Daniel Johnston and his art have always toed the line between what is and what isn’t exploitative.
(Photo: Peter Hutchins)
Daniel Johnston and his art have always toed the line between what is and what isn’t exploitative. Anyone who has seen the documentary The Devil and Daniel Johnston knows the cult lo-fi hero suffers from both schizophrenia and manic depression. Chased by considerable demons, Johnston has spent much of his life in and out of psychiatric institutions, his conditions held (somewhat) in check by heavy-duty medications. Johnston is in the midst of what may or may not be his final tour, where he is backed by famous musicians from groups such as Fugazi and Wilco, depending on the city. As a concept, this victory lap for Johnston sounds like a great way to close out his career. However, the execution may not have lived up to the tour’s lofty ideals.
For his Portland show, Johnston was backed by Built to Spill, yet rather than have the band play an opening set, Johnston (or someone else) opted to screen The Devil and Daniel Johnston first. It felt really bizarre to start with a nearly two-hour film and then follow it with a set that lasted about an hour. However, the warts-and-all documentary heightened the anticipation to see the man himself. The audience was quiet and reverent. The tell-tale glow of the cellphone was kept to a minimum, and no one spoke above a murmur.
From a point-of-view without any context, the Daniel Johnston-Built to Spill experiment was a failure. Only 56 years old, Johnston looked and sounded terrible. He sat slumped in a chair, his voice ragged, his hands shaking. In many ways, he reminded me of the uncomfortable horror I felt watching Brian Wilson struggle through Pet Sounds last year, except Johnston didn’t have Al Jardine to bolster the sagging bits. Built to Spill members Doug Martsch, Steve Gere and Jason Albertini appeared appropriately respectful when backing Johnston on songs such as “Speeding Motorcycle,” but the show had a joyless and unrehearsed feeling to it. After an hour, Johnston called for “True Love Will Find You in the End,” and then folded up his papers and shuffled off the stage after struggling through the song.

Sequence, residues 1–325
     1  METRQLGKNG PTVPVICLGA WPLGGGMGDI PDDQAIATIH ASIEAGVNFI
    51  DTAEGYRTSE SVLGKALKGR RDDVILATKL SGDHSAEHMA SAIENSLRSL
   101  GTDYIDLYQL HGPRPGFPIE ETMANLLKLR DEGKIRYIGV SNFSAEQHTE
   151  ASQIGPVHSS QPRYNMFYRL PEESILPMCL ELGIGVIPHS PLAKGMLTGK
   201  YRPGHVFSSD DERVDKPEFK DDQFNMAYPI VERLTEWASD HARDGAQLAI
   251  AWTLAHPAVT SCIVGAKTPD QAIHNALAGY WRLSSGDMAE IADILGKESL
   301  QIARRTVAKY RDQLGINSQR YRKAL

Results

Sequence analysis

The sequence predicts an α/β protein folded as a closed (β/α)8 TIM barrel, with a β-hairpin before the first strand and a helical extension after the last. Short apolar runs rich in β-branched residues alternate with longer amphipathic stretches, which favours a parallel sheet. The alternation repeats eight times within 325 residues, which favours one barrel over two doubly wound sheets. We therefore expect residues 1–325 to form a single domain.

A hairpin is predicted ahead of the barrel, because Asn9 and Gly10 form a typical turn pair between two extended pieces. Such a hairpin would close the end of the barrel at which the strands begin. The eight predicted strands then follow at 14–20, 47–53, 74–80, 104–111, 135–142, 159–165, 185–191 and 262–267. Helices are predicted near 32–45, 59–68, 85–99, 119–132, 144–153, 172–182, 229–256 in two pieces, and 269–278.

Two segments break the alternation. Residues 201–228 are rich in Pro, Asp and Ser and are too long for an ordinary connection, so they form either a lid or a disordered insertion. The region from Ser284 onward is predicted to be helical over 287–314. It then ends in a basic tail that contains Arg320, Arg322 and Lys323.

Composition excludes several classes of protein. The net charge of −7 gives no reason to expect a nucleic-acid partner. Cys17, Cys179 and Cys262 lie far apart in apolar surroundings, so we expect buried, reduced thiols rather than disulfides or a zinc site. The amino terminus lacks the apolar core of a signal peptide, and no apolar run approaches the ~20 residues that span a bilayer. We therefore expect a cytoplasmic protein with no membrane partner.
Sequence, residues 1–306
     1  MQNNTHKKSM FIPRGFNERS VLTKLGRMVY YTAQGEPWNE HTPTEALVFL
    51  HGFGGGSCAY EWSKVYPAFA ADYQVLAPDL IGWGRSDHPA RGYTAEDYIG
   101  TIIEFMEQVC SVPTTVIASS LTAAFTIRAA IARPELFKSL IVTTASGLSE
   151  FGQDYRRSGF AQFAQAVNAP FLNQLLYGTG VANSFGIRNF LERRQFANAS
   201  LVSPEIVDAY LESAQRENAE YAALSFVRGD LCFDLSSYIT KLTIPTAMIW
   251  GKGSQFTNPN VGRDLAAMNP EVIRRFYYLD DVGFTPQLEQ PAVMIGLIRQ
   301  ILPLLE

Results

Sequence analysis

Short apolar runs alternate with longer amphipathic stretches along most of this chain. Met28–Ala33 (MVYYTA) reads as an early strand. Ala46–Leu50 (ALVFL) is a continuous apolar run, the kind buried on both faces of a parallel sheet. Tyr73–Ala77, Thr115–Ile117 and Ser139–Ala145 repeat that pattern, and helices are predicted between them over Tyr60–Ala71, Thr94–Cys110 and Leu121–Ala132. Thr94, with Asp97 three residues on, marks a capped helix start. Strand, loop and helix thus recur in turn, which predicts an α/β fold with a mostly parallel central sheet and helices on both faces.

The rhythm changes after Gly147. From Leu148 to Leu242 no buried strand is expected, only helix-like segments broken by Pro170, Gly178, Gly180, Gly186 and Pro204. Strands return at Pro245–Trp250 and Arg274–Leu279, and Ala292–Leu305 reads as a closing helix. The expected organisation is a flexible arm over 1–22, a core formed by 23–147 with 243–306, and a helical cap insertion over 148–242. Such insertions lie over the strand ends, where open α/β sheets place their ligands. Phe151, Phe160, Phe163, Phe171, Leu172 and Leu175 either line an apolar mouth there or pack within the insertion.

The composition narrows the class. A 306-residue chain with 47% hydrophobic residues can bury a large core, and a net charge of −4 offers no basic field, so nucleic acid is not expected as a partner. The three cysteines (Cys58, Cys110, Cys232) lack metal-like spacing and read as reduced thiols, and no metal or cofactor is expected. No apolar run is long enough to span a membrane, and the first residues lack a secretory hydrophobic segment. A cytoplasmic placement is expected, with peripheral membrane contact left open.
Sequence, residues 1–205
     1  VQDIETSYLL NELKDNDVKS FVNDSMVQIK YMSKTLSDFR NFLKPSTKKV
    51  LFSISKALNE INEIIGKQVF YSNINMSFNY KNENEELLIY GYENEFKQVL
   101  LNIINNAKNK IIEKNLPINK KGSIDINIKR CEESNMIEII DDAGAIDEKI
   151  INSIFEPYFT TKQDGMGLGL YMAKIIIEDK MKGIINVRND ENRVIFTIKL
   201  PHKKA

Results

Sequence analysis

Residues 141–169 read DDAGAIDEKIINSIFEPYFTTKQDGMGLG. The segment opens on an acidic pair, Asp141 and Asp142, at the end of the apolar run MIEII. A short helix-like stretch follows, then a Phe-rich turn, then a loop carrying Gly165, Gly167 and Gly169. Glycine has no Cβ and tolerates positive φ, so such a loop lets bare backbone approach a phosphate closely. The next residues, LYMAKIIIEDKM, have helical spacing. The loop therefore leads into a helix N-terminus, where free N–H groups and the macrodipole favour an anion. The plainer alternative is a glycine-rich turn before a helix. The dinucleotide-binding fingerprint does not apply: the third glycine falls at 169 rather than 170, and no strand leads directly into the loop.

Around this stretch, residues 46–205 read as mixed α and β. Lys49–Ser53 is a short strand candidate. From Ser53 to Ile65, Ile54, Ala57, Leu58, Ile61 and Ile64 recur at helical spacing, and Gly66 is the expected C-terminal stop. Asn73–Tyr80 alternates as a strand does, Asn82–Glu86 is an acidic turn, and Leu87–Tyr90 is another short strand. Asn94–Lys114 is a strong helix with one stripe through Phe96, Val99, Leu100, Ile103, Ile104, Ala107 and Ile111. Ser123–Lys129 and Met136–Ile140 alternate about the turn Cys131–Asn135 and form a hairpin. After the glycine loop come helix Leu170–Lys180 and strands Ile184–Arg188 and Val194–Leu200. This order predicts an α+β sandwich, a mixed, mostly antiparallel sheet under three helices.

Context makes all the difference. The odds were always against Johnston, and the fact he could even grace the stage at this point of his life makes the performances on this tour somewhat of a miracle. Beyond his worsening mental state, Johnston also recently suffered from a variety of physical ailments, including hydrocephalus, an accumulation of fluid around the brain that causes many symptoms, including a loss of balance.
The concept of the shows seems true to Johnston’s ramshackle aesthetic. Supposedly, the artists who back Johnston get to pick the songs they wish to perform. However, Johnston isn’t necessarily really familiar with their respective work. Johnston would then be handed a list of songs chosen by the backing bands and then do little to rehearse with, or even meet, the musicians until the day of the set.
According to a New York Times article, Martsch was skeptical of the arrangement, saying, “That’s the plan, which I’m not psyched about. We like to rehearse like crazy. We don’t believe there’s any magic in music. It takes hard work and practice. It doesn’t look like we’re going to get much of that, so we’re going to have to hope for the magic.”
The magic of the evening was just seeing a Daniel Johnston performance, any Daniel Johnston performance. Sadly, Martsch’s fears proved to be correct. As the show ended, the woman next to me wiped her eyes as Johnston finished up singing “True Love Will Find You in the End.” The crowd waited for the artist to shuffle off. Martsch basically shrugged, unplugged and waved. It’s unclear if the woman next to me wept from the sentiment in the song, the fragile state of its creator or both.